Sasha Reid and the Midnight Order follows secret society of women investigators on trail of pig farm slayings

“We investigate cases that have been ignored, overlooked or forgotten by police, to try to help families get justice”

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Robert Pickton may be dead, but Sasha Reid and her secret society may be everything that’s keeping the RCMP from destroying evidence about the unresolved gruesome serial killings at the B.C. family pig farm.

If Reid’s life outside of work sounds like a cross between a documentary series and a grown-up Nancy Drew, that’s because Season 1 is coming soon to a super channel near you.

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“Sasha Reid and the Midnight Order,” will follow Calgary’s Reid “and her secret society of young women with vastly different backgrounds but one common obsession — the dark psychology of those who commit harm and the desire to protect those that law enforcement has ignored,” reads a Season 1 lead sheet from Nick Rodea at Freeform Media Relations.

“They band together to work outside the system to protect the vulnerable, solve cold cases, and dive into the dark minds of killers using forensic expertise and world-class data skills. Their motto is to have compassion first but let the evidence lead.”

Reid holds a PhD in developmental psychology. She taught at the University of Calgary,  and she had the world’s largest database on serial killers. Her job as a developmental psychologist was to study the development of serial killers.

While teaching courses in law and wrongful convictions, she realized she wanted to do more than just talk about them.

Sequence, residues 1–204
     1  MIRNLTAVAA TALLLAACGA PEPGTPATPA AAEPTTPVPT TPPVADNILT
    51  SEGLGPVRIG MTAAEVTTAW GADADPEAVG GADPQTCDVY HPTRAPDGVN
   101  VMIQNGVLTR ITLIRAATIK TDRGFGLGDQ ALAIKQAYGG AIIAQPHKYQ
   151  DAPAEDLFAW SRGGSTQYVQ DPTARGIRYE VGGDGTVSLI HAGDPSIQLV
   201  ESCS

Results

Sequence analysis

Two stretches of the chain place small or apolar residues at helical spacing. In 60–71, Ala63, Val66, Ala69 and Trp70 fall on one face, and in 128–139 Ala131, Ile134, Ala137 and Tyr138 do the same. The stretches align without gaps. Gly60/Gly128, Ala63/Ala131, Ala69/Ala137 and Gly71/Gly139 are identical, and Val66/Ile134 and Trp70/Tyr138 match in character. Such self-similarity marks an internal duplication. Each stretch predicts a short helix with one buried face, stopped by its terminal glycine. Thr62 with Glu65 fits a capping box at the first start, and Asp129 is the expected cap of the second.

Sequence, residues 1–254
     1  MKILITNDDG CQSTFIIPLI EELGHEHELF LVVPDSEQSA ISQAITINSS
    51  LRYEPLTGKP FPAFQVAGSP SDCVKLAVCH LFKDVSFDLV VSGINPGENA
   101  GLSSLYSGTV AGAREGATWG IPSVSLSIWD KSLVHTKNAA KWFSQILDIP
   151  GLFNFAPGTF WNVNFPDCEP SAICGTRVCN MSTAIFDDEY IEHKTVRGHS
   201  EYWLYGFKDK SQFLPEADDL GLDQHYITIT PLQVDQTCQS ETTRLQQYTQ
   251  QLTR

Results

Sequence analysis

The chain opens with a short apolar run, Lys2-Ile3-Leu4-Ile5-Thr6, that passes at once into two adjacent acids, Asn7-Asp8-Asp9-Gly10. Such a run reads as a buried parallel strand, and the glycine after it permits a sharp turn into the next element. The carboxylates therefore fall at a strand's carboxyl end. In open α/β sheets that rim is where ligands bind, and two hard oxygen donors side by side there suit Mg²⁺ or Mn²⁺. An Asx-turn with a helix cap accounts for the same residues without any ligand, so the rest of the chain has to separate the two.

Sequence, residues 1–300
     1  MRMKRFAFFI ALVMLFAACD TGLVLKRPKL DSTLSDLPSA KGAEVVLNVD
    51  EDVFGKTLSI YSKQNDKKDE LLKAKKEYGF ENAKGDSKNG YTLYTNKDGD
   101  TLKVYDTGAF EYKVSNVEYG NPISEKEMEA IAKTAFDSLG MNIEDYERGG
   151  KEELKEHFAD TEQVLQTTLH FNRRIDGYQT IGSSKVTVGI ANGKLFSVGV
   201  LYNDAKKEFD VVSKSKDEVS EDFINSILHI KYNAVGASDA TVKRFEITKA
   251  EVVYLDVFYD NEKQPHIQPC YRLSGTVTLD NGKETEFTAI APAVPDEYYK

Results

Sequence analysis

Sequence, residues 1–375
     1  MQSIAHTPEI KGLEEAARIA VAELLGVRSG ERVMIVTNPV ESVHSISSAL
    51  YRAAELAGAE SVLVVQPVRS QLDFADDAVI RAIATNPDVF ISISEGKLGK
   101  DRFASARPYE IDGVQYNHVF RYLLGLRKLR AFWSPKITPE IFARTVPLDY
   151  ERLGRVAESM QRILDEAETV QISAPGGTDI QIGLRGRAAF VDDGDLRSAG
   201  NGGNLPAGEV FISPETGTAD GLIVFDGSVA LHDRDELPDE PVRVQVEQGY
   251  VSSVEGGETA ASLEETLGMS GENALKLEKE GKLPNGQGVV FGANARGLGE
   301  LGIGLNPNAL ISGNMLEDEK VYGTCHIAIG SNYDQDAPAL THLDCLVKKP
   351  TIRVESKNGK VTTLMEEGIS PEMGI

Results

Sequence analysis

So she went to law school — and just graduated last week.

Instantly fascinated with Pickton

Four years ago, Reid stumbled across the cases of Pickton, and she was instantly fascinated.

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His developmental profile looked a little bit different from the other serial killers she had studied.

“I thought, ‘Oh, that’s really strange. Let me look more into this person so I can fill out more information or figure out why his profile is not the same,’” she said.

“I spent the last four years studying his case, speaking to family members, speaking to police, getting to know everything about this case. I came to the realization that this is not a completed case,” Reid said.

“Most families haven’t actually received justice. Now, the RCMP is trying to dispose of evidence. Look, they’ve got another application for evidence disposal coming up. Let’s try to stop it,” she said.

Robert Pickton farm
Coquitlam RCMP and members of the missing women task force search Robert Pickton’s pig farm on Dominion Road in Port Coquitlam. Photo by Ian Lindsay /Vancouver Sun

She and Sue Brown have been working together to stop the RCMP applications since 2023.

They hosted a news conference and sent out a coalition letter with 40 signatories asking the RCMP to stop its application for evidence disposal.

“We’ve got our court date for intervener status, but we’re trying to get in touch with as many people as we can to help support our case and to give us additional information as to why this evidence is so important,” Reid said.

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The case comes to court June 26.

Pickton confessed to the murder of 49 women on his property, but he was convicted only of six. On his farm, there was DNA of 33 women.

“Those people have not been given justice — 27 indictments, six convictions. That’s 21 families, minimum, who have not received justice, no conviction in their cases. The cases were stayed. There was supposed to be a second trial that never materialized, and these families are left with questions,” she said.

Many things about the case point to other people involved in the brutal slayings, Reid said.